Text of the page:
20. What was the purpose of your May 12, 2017, tweet?
  21. What did you think about Mr. Comey’s June 8, 2017, testimony regarding Mr. Flynn, and what did you do about it?
  22. What was the purpose of the September and October 2017 statements, including tweets, regarding an investigation of Mr. Comey?
  23. What is the reason for your continued criticism of Mr. Comey and his former deputy, Andrew G. McCabe?
  24. What did you think and do regarding the recusal of Mr. Sessions?
  25. What efforts did you make to try to get him to change his mind?
  26. Did you discuss whether Mr. Sessions would protect you, and reference past attorneys general?
  27. What did you think and what did you do in reaction to the news of the appointment of the special counsel?
  28. Why did you hold Mr. Sessions’s resignation until May 31, 2017, and with whom did you discuss it?
  29. What discussions did you have with Reince Priebus in July 2017 about obtaining the Sessions resignation? With whom did you discuss it?
  30. What discussions did you have regarding terminating the special counsel, and what did you do when that consideration was reported in January 2018?
  31. What was the purpose of your July 2017 criticism of Mr. Sessions?
  32. When did you become aware of the Trump Tower meeting?
  33. What involvement did you have in the communication strategy, including the release of Donald Trump Jr.’s emails?
  34. During a 2013 trip to Russia, what communication and relationships did you have with the Agalarovs and Russian government officials?
  35. What communication did you have with Michael D. Cohen, Felix Sater and others, including foreign nationals, about Russian real estate developments during the campaign?
  36. What discussions did you have during the campaign regarding any meeting with Mr. Putin? Did you discuss it with others?
  37. What discussions did you have during the campaign regarding Russian sanctions?
  38. What involvement did you have concerning platform changes regarding arming Ukraine?
  39. During the campaign, what did you know about Russian hacking, use of social media or other acts aimed at the campaign?
  40. What knowledge did you have of any outreach by your campaign, including by Paul Manafort, to Russia about potential assistance to the campaign?
  41. What did you know about communication between Roger Stone, his associates, Julian Assange or WikiLeaks?
  42. What did you know during the transition about an attempt to establish back-channel communication to Russia, and Jared Kushner’s efforts?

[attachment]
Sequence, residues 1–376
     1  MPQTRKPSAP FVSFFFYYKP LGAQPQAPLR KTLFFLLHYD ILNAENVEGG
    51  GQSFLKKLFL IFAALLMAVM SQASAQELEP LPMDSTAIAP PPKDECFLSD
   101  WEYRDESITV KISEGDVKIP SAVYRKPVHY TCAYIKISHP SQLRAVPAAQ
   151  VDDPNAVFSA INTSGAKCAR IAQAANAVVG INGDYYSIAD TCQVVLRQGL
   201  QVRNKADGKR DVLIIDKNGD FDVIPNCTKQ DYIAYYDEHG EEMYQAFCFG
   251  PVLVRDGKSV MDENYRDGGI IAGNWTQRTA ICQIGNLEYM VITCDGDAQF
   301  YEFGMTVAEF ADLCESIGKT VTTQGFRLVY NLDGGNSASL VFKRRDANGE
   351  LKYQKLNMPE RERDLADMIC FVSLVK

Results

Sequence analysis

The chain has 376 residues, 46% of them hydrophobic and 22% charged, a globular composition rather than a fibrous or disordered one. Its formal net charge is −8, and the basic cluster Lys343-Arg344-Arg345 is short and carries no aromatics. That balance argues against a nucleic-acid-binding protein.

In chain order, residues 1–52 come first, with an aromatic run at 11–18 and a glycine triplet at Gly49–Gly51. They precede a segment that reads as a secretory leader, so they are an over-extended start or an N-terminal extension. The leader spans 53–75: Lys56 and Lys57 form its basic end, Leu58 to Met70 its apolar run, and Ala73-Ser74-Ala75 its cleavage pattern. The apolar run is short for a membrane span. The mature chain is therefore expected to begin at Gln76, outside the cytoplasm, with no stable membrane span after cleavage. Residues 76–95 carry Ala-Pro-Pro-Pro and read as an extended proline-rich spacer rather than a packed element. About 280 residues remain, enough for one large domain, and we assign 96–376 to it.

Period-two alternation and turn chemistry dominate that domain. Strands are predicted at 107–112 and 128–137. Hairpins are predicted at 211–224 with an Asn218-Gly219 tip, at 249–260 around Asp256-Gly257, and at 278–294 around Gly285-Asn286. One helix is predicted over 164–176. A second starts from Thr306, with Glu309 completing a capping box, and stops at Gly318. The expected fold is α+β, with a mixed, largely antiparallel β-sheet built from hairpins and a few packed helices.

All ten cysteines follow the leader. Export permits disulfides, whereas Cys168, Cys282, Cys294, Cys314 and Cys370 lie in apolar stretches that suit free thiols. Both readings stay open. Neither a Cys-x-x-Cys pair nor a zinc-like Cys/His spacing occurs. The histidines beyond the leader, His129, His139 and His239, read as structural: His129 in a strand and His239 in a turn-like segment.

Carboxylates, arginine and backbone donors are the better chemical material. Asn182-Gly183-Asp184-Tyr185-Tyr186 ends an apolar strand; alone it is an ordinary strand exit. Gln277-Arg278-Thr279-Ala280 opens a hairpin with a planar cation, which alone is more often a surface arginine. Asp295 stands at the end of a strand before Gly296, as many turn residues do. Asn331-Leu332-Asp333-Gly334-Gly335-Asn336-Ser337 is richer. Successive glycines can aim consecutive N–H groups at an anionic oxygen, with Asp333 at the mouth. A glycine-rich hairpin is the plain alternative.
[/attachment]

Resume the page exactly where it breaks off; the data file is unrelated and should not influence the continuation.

43. What do you know about a 2017 meeting in Seychelles involving Erik Prince?
  44. What do you know about a Ukrainian peace proposal provided to Mr. Cohen in 2017?

The additions are instructive. The one new bit on Flynn involves Trump’s offer of a pardon.

The new bits on obstruction pertain to ongoing efforts to obstruct the investigation, including consideration of firing Mueller and ongoing efforts to discredit Jim Comey and Andrew McCabe.

But the most interesting are the 14 or so questions on Trump’s involvement in and awareness of election tampering. Given the timing of Rick Gates’ plea on February 23 and the subsequent focus on Roger Stone and Michael Cohen, I’m particularly interested in the addition of questions involving both of them (as well as the question about Manafort’s efforts to get Russia’s help).

Trump would have been far better off having an interview in January. Because the questions are getting harder — and Mueller’s interest in his involvement in “collusion” is getting more apparent.

34 replies
  1. Trip says:

    Those new questions are like, “We know what you did last Summer”. You’re right, they are not about obstruction. Someone is starting to sound less like a subject and more like a bullseye.


  2. earlofhuntingdon says:

    As bmaz said earlier, the Dowd and Sekulow letter is two feet of guano and three feet of batshit.

    Obstruction is unrelated to the pardon power.  It is unrelated to the president’s power directly to fire certain personnel in the executive branch.  Both powers can be abused, leading to legal as well as political jeopardy.

    The defense argument, if applied more broadly, would suggest that no prosecutor could be held liable for, say, corruption, bribery, or obstruction related to her own cases because she has the formal power to choose which cases to try, to settle, to dismiss, or never to prosecute.

    Well-heeled defendants and their lawyers might wish for such an arrangement.  They would have the resources to pay the bribes, to return favors, to enable a prosecutor’s re-election.  But no other branch of government, no citizen, and no not so well-heeled defendant would accept it.